Los Angeles—Stephen Curry and Draymond Green both posted triple-doubles to power the Golden State Warriors to a 119-117 overtime victory over the Portland Trail Blazers on Monday and into a fifth straight NBA Finals.
The two-time defending NBA champions swept the Blazers in four games in the best-of-seven Western Conference finals.
The only other team to reach five straight NBA Finals was the Boston Celtics, when they went to a record 10 in a row from 1957 to 1966.
“I hope it doesn’t go unnoticed or underrated -- five straight finals hasn’t been done since the 60s,” said Warriors coach Steve Kerr. “It hasn’t been done for a reason, it’s really, really difficult and so I just can’t say enough about the competitive desire of the group of guys that we have here.”
The Warriors will battle for the title starting on May 30 against either the Milwaukee Bucks or Toronto Raptors, aiming to become the first team since the Los Angeles Lakers of 2000, 2001 and 2002 to three-peat as champions.
Curry and Green became the first teammates in league history to have triple-doubles in the same post-season game, according to the Elias Sports Bureau.
Curry finished with 37 points, 13 rebounds and 11 assists, while Green had his second straight triple-double—posting double digits in three key statistical categories—with 18 points, 14 rebounds and 11 assists.
Fittingly, Curry and Green combined on the game-winning basket in overtime, Curry feeding Green for a three-pointer that pushed Golden State to a 119-115 lead with 39.6 seconds left in overtime.
“Obviously in that situation we want Steph to have the ball, we want Steph or Klay (Thompson) to take the shot,” Green said.
“But they were swarming them. So I was just talking to them ‘Watch out, watch out.’
“When he passed me the ball, I just let it go. When I shot it, it felt good.”
The Trail Blazers had led 69-65 at halftime, and built the lead to 17 in the third quarter—the third straight game in which Portland led by as many as 17 only to come up short.
With veteran Andre Iguodala having joined superstar Kevin Durant and DeMarcus Cousins on the injured list, the Warriors produced a total team effort to rally again.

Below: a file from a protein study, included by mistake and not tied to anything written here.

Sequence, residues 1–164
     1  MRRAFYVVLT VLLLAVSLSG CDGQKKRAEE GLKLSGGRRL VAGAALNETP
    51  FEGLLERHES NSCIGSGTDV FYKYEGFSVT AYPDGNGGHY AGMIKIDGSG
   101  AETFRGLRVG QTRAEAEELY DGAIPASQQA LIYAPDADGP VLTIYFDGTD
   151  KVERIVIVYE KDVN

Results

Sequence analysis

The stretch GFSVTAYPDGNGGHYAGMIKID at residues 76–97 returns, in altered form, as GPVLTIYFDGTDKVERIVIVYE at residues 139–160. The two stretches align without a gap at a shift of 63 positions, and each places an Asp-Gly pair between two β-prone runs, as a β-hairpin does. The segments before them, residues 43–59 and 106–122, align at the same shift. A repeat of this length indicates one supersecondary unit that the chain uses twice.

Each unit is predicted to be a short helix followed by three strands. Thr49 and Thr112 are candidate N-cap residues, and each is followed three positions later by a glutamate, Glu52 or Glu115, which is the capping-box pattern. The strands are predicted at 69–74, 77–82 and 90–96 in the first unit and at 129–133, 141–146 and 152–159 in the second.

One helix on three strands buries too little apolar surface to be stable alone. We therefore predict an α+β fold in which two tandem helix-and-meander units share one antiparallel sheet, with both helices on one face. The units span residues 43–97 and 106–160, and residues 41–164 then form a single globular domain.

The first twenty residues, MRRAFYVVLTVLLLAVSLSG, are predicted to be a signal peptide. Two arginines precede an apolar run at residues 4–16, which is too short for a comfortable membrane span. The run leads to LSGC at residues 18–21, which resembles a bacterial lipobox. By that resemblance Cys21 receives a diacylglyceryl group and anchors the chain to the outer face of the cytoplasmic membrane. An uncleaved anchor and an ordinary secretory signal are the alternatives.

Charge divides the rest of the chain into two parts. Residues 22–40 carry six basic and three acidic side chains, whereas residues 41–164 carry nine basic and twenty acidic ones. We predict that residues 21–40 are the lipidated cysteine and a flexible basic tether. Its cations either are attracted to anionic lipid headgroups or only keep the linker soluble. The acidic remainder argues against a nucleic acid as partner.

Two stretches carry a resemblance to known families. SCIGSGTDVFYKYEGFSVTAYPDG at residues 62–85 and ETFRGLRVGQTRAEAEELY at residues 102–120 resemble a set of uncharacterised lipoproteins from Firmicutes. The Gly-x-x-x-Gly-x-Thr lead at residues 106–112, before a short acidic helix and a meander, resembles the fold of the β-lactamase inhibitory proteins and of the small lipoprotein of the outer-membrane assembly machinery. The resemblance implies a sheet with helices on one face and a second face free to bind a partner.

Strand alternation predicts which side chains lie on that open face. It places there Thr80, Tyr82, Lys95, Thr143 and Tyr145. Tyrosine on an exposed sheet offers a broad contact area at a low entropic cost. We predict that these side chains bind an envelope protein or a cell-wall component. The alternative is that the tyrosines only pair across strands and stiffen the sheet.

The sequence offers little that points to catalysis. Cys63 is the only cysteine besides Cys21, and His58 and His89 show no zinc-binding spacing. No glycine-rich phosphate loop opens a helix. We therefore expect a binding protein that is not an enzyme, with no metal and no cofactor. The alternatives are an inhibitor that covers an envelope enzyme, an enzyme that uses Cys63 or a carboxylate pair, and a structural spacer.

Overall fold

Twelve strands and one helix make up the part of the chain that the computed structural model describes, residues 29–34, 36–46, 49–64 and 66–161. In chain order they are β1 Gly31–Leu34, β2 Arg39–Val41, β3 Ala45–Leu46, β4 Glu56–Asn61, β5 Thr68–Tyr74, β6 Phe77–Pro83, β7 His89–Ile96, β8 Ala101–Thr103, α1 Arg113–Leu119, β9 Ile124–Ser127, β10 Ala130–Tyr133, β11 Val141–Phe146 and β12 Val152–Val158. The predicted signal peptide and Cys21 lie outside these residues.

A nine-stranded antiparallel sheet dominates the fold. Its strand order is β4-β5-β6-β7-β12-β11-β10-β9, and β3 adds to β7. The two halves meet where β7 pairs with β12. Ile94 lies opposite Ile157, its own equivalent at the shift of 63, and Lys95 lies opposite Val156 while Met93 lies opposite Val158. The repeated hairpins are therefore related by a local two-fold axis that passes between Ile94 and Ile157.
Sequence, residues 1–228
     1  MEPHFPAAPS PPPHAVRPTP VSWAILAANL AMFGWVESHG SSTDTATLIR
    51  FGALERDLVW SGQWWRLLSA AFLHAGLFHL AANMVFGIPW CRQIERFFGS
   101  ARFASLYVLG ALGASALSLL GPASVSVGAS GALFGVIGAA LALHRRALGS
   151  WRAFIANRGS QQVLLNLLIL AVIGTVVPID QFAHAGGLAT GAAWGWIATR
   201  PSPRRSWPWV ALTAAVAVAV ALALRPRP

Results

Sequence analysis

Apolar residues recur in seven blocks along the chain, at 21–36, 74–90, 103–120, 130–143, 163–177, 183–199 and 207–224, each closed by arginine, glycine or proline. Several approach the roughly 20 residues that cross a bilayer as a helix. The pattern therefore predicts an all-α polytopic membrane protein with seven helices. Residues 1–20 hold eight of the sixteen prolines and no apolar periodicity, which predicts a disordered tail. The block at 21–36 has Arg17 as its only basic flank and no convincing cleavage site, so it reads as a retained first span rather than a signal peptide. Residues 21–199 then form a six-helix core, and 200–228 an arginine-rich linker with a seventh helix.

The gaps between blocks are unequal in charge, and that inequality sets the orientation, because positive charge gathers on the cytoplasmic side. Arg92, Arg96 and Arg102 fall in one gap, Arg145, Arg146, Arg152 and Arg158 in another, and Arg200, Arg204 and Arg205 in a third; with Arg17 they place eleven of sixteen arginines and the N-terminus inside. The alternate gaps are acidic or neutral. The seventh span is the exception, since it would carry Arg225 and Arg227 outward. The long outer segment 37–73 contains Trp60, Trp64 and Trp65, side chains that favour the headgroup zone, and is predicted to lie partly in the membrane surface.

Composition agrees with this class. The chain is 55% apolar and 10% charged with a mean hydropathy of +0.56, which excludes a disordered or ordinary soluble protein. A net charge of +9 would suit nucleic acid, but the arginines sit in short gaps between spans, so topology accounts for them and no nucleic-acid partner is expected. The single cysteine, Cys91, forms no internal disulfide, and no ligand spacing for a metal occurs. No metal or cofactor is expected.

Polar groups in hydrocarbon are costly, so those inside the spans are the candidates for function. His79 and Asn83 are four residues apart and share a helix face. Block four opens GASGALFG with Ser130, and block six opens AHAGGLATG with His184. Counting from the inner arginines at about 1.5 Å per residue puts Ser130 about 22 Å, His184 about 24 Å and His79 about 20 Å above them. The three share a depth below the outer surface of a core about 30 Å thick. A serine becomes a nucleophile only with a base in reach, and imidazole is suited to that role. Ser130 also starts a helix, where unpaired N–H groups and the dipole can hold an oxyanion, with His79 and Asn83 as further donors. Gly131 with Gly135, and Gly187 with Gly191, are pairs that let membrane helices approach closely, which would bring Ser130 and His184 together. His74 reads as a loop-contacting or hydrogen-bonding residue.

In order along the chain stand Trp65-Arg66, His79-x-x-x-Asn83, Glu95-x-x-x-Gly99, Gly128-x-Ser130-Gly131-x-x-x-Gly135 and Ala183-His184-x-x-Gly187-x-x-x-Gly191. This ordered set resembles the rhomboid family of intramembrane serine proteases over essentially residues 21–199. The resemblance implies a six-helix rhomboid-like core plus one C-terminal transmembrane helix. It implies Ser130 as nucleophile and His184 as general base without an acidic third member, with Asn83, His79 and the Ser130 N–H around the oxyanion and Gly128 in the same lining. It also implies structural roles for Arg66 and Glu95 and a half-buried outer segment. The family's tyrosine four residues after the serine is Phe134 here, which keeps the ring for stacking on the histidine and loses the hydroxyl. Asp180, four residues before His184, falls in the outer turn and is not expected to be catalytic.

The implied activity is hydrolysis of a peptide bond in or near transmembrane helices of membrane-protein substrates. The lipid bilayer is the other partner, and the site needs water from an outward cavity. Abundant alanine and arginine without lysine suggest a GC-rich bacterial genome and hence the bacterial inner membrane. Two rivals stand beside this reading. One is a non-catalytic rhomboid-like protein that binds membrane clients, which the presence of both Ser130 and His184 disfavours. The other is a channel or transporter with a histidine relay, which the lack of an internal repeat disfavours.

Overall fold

Thompson scored 17 points while reserve Kevon Looney added 12 points and 14 rebounds and Alfonzo McKinnie chipped in 12 points.
“Being without Kevin these last five games has put us in a really tough spot and our guys stepped up in a big way,” Kerr said. “The group has a fiber to them—when (these) guys go down they find a way to come together and compete and win.”
Warriors ‘find a way’
The Warriors scored the last nine points of the third period to close within 95-87 and knotted the score at 104-104 on Curry’s layup with 4:34 left in regulation.
“We know we can cover 17 points in a matter of three or four minutes,” Green said. “So we always try to keep that mindset—that we’re never out of the game.”
Both teams had a chance to win in regulation, but Curry traveled before draining a three-pointer that didn’t count and Lillard was unable to get through in traffic as time expired with the score tied 111-111.
Portland star Lillard, playing with painful separated ribs, finished with 28 points while unheralded Meyers Leonard led the Trail Blazers with a career-high 30 points and 12 rebounds.
CJ McCollum added 26 for the Trail Blazers, but it wasn’t enough for a team that had fended off elimination twice in their second-round series against the Denver Nuggets.
“We couldn’t get over the hump,” Trail Blazers coach Terry Stotts said. “I think it was a demonstration of how good they are and how good they have been over the years—they find a way to win.”
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